Foot, word and phrase constraints in first language acquisition of Spanish stress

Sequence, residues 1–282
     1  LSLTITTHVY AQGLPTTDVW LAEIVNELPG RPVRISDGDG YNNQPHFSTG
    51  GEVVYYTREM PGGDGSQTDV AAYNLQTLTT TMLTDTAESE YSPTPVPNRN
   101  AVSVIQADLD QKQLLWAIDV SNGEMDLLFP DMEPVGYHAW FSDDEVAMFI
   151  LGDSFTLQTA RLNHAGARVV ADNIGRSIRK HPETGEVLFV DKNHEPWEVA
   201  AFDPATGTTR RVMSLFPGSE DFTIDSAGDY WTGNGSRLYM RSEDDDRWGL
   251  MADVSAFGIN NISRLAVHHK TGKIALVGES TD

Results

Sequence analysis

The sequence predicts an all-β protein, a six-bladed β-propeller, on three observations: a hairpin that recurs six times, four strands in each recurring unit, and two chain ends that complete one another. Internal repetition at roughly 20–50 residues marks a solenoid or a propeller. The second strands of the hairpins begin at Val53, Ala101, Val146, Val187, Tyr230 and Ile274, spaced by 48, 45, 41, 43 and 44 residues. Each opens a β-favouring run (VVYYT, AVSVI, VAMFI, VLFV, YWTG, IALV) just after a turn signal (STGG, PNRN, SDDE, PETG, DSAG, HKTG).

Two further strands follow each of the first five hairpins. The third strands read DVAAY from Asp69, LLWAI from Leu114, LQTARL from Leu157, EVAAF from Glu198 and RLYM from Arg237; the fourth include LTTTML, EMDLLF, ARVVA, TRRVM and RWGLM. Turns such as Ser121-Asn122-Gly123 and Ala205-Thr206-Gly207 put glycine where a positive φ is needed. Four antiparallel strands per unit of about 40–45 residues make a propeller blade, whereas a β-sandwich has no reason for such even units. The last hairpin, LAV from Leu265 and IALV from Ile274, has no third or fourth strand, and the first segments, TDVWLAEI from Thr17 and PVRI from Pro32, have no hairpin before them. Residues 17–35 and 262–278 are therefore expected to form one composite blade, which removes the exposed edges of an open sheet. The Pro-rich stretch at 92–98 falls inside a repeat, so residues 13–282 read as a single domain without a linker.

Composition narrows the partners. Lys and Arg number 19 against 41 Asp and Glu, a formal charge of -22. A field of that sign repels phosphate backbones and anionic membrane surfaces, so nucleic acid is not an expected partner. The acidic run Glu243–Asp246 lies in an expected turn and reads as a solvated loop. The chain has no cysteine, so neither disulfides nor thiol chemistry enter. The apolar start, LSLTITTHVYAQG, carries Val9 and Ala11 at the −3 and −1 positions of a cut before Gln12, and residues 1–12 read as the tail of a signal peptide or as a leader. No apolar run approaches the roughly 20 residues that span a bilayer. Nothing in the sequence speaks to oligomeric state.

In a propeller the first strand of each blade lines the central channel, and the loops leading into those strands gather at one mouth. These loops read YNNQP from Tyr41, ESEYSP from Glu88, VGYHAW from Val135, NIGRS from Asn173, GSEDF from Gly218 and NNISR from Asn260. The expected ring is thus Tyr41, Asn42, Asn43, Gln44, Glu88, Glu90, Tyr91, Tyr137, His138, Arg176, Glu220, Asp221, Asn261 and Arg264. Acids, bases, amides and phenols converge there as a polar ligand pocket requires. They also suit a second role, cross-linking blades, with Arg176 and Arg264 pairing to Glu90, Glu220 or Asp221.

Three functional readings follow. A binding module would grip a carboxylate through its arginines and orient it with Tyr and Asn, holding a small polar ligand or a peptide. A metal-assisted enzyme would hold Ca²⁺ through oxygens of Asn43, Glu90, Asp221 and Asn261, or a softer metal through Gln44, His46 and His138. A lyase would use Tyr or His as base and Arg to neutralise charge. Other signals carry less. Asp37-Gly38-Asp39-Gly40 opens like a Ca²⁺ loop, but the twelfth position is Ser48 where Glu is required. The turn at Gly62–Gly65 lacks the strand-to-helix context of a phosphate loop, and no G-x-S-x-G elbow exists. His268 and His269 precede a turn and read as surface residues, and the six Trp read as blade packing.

The present paper provides an analysis of stress acquisition in Spanish, within the framework of Optimality Theory, focusing on the earliest utterances by two monolingual Spanish children. The Spanish stress algorithm exhibits right-headedness both at word and phrase level. Leaving aside some peripheral cases which call for moraic trochees, we assume that the main core of the Spanish system relies on the syllabic trochee as the basic prosodic pattern. The children’s first twenty one-word utterances made up of trochaic patterns were phonetically analyzed for the values of amplitude, pitch, and duration. The same analysis was carried out for word combinations comprising two trochaic-shaped words, as well as for some multisyllabic words present in our corpus. All vowels were analyzed with <i>Pitchworks</i>. Our results show that Spanish children master the constraint hierarchy responsible for word and phrasal stress assignment from very early on; however, they may produce prominence in a non-standard fashion, because their command of the acoustic parameters responsible for an adult-like phonetic implementation is not yet under control. Moreover, they tend to overgeneralize the trochaic pattern to some iambic-shaped words. We suggest that all these phenomena are to be construed in terms of constraint ranking.